SPEARS AND SHIELDS – Gadara
The winter was harsh out here in the wilderness east of Gadara. Four cold months had past. The fort was built on top of a table top plateau. The plateau had only one way in; a wide naturally sloped ramp that descended into a valley. The other three sides were sheer drops to the bottom of a deep canyon. This made it an ideal defensive location for the Romans. Because wood was scarce, the engineers dug a deep trench spanning the entrance of the plateau leaving a bridge in the center wide enough for wagons. Then they used the dug up material to build up a fifteen foot high earthen works leaving a gap in the center for a gate. Finding a ready supply of shingle rocks, they also manage to build up six foot tall walls with battlements on the earthen works.
On one particularly cold morning, Cornelius and Flavius were inspecting the high fortified earthen works in the trench. An unseasonable squall came in from the west and it brought chilling rain off and on instead of snow for the past two days.
“Well, there are no signs of erosion,” Flavius shouted from one end of the trench. “The rain did not even pool up in bottom of the trench.”
“Good thing too,” Cornelius called back. “That last squall last night brought in a lot of rain. But it looks like the engineers did their job well. Come, Flavius! Let us go back in out of the cold.”
Cestus was on the top of the trench holding a length of rope waiting to pull them out. When they finally climbed out, they went back into the fort through the stout gates. To avoid walking in the chilled wind, they walked in between the rows upon rows of large campaign tents. Occasionally, they would stop to warm their hands with a group of legionnaires huddled around a brazier. When they finally reached Cornelius’ tent, Jacob was there with hot spiced wine waiting for them.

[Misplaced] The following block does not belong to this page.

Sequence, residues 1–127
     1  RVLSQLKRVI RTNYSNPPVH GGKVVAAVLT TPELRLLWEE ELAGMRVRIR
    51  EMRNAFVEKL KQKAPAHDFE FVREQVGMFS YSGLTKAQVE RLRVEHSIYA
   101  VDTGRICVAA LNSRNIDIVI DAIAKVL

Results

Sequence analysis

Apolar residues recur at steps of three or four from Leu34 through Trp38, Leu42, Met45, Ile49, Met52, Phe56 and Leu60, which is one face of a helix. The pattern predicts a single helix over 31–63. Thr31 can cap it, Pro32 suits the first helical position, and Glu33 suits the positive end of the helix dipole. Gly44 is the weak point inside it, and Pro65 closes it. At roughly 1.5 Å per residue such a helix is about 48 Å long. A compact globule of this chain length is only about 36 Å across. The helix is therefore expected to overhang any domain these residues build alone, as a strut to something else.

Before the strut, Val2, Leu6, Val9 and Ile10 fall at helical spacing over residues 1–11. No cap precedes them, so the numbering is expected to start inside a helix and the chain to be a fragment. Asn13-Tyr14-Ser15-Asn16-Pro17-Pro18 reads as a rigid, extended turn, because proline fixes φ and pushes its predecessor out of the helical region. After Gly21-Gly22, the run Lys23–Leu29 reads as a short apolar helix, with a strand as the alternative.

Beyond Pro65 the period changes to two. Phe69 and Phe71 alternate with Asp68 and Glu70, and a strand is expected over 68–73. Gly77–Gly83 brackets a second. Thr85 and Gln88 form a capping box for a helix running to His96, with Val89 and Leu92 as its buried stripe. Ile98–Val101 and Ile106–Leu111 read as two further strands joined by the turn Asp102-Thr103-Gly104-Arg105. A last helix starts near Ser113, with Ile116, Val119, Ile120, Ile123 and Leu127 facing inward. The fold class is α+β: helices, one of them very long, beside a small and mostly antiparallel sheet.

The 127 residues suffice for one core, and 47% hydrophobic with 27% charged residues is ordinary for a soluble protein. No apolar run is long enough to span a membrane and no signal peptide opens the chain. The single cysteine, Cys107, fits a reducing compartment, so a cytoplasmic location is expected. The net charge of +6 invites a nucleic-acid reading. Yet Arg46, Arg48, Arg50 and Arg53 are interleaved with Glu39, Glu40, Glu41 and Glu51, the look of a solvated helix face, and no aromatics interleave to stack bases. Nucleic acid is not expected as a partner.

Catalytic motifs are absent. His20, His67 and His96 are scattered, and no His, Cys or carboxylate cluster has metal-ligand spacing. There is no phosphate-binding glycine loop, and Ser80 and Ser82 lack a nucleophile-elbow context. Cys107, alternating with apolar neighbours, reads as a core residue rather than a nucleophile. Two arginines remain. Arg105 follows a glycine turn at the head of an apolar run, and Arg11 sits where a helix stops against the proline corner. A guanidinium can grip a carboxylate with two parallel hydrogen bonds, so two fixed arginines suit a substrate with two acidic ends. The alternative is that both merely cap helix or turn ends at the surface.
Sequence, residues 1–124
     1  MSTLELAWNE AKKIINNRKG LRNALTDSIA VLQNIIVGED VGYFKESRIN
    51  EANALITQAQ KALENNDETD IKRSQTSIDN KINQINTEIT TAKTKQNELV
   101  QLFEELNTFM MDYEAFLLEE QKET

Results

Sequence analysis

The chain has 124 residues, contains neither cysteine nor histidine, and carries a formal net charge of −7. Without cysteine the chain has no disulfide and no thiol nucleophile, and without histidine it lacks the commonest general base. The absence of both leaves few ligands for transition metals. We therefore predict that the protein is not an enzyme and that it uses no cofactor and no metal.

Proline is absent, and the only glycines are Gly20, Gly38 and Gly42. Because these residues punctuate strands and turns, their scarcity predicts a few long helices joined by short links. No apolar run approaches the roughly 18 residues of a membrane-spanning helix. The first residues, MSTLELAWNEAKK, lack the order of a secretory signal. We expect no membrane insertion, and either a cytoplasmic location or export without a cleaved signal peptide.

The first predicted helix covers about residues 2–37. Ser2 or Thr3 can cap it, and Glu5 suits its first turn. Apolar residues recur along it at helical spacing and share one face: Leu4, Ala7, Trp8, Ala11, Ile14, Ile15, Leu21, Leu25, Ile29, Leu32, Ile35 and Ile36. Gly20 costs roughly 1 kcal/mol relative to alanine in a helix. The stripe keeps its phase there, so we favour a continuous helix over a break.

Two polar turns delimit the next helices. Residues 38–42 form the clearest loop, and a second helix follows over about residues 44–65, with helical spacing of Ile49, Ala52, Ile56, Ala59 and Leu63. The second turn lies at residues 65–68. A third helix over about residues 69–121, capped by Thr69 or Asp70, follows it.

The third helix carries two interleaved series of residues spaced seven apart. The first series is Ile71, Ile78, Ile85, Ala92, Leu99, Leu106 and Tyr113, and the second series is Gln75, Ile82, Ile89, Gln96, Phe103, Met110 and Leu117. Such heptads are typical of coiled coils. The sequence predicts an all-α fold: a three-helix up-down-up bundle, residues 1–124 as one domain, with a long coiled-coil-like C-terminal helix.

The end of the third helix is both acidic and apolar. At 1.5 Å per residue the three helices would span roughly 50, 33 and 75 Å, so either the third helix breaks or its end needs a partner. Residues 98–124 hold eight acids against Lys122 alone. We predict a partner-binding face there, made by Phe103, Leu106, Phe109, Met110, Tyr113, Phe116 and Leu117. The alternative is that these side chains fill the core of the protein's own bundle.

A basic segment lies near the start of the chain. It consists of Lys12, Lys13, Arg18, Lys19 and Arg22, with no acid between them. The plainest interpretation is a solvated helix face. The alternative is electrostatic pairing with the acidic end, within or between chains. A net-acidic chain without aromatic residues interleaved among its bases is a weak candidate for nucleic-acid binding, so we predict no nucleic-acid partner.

Looking around, Flavius asked, “Where is the lad?”
“Cestus had him doing punishment duty,” Cornelius and Jacob were chuckling. “He is standing watch near the latrines at the far end of the camp.”
Flavius was laughing. “You have to admit that his practical joke on the fifth squad was inspiring. When I saw that ram dressed up in Optio Gallino’s armor butting its head against those men, I was laughing out of my skin. They should not have teased him so much.”
“Yes, it was amusing, until that same ram went into Tribune Arturos’ tent and almost burnt it down when it knocked down a brazier. The lad was lucky that he was not punished harshly. But he did get an earful from the Tribune.”
“Oh yes, we could hear him way in the other side of the camp. Do not fret, you know the Tribune is as fond of the boy as we all are.”
Flavius walked over to the table where Cornelius had all his books open and loose parchment papers were strewn over them. “Are you still studying this manuscript of?” he peered closely at the translated title, “I s a y a h? I thought you would be finished with it by now.”
“Cornelius is not as adept in reading old Hebrew as he is to speaking it.” Jacob said off hand. “But he is persistent.”
“Besides which that I have been busy with the Tribune and looking over your shoddy work as well.”
“I see. I see. I know when I am no longer welcomed. I will leave you to your scholarly work.” He left the tent laughing.
Jacob was also wrapping his cloak around him. “I will bring this hot food to the boy. I shall return soon.”
The story continues on in my next post.
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